Mrs. Bean

It’s summer break!

…Or at least that’s the word on the street. “Summer” implies a certain temperature range which this soggy gray July is failing to reach, while “break” seems to indicate time off, and oh my goodness gracious. I can remember times of my life in which I must have been busier, surely, but my here-and-now has a competitive streak and refuses to concede the Most Likely to Drop Own Skull While Juggling Schedule award to any former time period.

This is the first summer that I’ve worked in addition to having the girls home from school, and I’m basically feeling like Mr. Bean on both fronts. My children have to call “Mommy!” in a steady crescendo for an average of four minutes before I hear them because I’m too busy making lesson plans or translating, and my bosses have to accommodate babysitter dashes and my awkwardly-sized schedule openings. Ideally, I just wouldn’t work over the summer, but our family has some big adjustments coming up, and every chance to bolster our bank account eases a bit of stress.

As with 95% of the things I worry over, the Mr. Bean routine probably shouldn’t register as a big deal. After all, most of the other moms I know also work. However, they also tend to have nannies (or willing grandmas) and housecleaners (or extra-willing grandmas), and summer camps siphon off their children’s excess energy quite nicely. Here is where I start to feel [rightfully] ashamed of my first-world problems, because my outlook keeps boiling down to Waaaa, I want a nanny! Waaaa, I want a housecleaner! Waaaa, I want an investor to cover my children’s summer camp expenses for life so I don’t have to keep agonizing over their lack of organized fun! Good grief.

What I really want is to feel sure that I’m meeting my family’s needs in the right way, and please tell—Does any mother ever feel truly, completely certain that she has found the right balance between parenthood, finances, and good old-fashioned sanity? If so, I could use her secret before parenting or working morale drops any lower around here.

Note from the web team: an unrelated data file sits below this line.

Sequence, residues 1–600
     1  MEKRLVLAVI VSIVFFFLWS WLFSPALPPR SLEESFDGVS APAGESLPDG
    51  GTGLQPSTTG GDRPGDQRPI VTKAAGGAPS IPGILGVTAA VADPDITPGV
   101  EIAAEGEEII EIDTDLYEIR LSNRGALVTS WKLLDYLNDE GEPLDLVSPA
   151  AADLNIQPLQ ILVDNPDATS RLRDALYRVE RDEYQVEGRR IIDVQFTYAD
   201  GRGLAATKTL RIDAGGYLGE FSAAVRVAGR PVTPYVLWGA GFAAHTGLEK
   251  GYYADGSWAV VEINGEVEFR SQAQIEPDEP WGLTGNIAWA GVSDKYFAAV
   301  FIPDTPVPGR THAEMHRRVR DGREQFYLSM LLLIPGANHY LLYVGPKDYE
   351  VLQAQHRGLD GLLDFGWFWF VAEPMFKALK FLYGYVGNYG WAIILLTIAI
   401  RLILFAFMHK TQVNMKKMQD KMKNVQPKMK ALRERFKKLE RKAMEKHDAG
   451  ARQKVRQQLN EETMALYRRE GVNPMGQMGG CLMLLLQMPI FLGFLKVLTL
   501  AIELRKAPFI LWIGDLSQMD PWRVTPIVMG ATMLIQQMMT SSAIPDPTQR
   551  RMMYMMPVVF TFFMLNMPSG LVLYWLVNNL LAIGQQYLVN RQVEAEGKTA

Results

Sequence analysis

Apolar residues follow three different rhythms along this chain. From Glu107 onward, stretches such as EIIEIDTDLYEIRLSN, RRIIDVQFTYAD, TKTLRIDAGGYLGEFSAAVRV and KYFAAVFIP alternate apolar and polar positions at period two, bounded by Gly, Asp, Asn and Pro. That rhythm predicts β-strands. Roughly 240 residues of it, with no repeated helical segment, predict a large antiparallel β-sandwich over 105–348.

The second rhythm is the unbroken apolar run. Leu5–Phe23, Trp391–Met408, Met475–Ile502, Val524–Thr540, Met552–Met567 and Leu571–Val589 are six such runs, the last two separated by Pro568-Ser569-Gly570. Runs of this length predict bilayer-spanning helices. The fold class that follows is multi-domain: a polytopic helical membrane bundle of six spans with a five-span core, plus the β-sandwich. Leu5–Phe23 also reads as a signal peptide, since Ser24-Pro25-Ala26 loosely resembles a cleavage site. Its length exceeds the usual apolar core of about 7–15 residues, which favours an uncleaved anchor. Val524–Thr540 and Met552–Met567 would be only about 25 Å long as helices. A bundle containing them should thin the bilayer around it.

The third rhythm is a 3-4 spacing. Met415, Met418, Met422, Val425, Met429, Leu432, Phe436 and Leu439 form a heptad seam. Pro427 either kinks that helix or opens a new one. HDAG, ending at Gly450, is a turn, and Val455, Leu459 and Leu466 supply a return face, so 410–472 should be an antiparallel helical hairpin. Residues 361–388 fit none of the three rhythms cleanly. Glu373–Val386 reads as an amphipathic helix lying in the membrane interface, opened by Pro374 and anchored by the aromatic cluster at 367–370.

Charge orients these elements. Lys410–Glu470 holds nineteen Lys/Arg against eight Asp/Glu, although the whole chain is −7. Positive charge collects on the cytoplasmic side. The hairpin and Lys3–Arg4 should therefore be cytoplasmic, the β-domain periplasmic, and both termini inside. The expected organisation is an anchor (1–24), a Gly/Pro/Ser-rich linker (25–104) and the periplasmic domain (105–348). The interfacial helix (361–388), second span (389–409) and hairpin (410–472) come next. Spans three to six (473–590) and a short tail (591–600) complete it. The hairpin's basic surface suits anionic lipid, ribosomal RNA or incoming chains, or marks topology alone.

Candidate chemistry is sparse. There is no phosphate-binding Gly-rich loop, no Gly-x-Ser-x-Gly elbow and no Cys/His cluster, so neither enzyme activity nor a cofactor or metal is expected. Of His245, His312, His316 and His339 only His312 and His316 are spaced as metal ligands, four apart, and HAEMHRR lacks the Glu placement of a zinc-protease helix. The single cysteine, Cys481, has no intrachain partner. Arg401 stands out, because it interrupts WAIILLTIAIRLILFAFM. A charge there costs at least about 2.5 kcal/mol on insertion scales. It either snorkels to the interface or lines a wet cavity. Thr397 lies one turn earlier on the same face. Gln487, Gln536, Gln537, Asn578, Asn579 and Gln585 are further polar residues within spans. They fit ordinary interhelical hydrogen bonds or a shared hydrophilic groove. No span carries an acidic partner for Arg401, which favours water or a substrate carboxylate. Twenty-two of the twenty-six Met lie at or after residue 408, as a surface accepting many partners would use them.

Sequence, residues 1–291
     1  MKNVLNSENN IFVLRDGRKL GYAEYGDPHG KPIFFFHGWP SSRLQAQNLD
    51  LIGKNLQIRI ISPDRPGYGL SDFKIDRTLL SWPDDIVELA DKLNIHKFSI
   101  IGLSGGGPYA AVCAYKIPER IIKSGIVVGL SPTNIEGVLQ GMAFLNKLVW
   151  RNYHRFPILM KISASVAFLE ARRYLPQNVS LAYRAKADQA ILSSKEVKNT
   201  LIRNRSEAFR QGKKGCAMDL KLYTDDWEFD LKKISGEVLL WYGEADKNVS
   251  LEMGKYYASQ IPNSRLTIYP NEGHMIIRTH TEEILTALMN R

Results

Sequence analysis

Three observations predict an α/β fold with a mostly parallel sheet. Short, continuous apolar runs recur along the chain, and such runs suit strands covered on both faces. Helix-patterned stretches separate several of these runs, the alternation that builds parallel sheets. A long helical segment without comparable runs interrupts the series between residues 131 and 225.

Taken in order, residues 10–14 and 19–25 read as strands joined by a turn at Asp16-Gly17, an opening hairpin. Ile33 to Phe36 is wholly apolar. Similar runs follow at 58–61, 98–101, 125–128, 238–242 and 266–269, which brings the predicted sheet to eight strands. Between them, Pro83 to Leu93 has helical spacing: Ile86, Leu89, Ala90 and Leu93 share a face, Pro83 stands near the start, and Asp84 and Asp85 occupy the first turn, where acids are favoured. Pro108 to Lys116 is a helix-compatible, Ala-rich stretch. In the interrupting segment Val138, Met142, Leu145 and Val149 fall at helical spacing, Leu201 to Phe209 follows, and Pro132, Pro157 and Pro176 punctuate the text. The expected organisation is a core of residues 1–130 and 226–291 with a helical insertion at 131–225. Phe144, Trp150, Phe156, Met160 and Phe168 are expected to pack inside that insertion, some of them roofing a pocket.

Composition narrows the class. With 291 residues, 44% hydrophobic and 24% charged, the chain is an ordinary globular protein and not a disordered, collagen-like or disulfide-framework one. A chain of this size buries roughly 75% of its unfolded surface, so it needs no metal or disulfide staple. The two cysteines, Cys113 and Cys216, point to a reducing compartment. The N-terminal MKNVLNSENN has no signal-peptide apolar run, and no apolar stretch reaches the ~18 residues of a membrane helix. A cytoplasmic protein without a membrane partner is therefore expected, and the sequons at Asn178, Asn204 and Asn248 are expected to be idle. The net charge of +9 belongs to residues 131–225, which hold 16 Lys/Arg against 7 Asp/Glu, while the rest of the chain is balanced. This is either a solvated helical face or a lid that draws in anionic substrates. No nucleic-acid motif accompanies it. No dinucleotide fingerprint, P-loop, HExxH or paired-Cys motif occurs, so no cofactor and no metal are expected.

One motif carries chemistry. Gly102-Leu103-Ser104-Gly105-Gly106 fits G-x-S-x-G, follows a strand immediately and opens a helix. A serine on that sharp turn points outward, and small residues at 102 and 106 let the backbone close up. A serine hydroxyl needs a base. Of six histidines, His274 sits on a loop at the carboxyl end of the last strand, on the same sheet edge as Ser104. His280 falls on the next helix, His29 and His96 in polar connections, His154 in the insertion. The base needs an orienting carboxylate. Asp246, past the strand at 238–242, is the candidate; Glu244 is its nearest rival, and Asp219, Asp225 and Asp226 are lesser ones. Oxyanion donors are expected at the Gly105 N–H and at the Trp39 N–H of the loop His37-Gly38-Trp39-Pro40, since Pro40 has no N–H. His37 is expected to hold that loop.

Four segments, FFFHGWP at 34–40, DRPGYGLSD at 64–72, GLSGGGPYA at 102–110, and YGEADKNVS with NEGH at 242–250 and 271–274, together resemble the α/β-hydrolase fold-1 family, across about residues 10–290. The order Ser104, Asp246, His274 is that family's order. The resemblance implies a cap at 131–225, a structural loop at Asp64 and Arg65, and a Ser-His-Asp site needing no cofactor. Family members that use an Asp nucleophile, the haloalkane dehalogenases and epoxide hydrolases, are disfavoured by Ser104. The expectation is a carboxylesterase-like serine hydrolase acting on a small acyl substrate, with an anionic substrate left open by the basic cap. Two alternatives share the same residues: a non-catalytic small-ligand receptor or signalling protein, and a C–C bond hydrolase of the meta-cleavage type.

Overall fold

Sanity has left the building (Sanity, as you can see, has already left the building.)



Mt. Grampie

Sweet, honest Natalie.

We had a bit of turbulence throughout our morning today. No gales or typhoons, mind you, but enough rough patches that I ended up expressing my displeasure in a rather loud way that may or may not have involved yelling into a pillow. The girls convened with each other in whispers and then tiptoed into the other room, emerging several minutes later with the above letter held in front of them like a shield. There were giggles, kisses, and plenty of “I’m sorry”s nuzzled into forgiving ears, and the girls cheerfully got back to their day. I, on the other hand, spent the next hour in mental self-flagellation.

I have never been not frustrated as long as I can remember. I don’t know how much of this is my personality and how much of it is from growing up in an environment where perfection was expected with the understanding that I would never be good enough to attain it. I still don’t get how a too-heavy sense of responsibility can coexist with utter helplessness, but the mix has stewed under my shoulder blades for nearly all of my life.

Most of the time, it’s just sort of there, not doing anything worse than fogging up my sunglasses. Other times though—for instance, if I’m tired or hungry or, God save us, both, or if I have to call any form of customer service, or if (hypothetically) it’s the second morning of post-vacation summer break and the girls and I can’t remember how to occupy the same house without sounding like screech owls—in times like those, the simmering mess bursts like lava up my throat, and the only way I can find to direct it is out.  Thus the mistreated pillows and the formal requests from my kindergartners to please not be so grumpy.